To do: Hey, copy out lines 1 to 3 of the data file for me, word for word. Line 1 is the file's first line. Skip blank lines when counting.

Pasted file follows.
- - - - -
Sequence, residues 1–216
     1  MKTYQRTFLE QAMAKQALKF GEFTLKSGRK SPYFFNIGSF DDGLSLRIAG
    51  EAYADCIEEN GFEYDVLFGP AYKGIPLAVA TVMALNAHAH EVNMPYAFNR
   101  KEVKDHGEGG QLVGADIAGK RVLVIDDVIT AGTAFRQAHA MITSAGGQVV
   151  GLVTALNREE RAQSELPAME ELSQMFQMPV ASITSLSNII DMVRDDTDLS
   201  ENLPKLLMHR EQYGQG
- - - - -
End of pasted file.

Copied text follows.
Sequence, residues 1–216
     1  MKTYQRTFLE QAMAKQALKF GEFTLKSGRK SPYFFNIGSF DDGLSLRIAG
    51  EAYADCIEEN GFEYDVLFGP AYKGIPLAVA TVMALNAHAH EVNMPYAFNR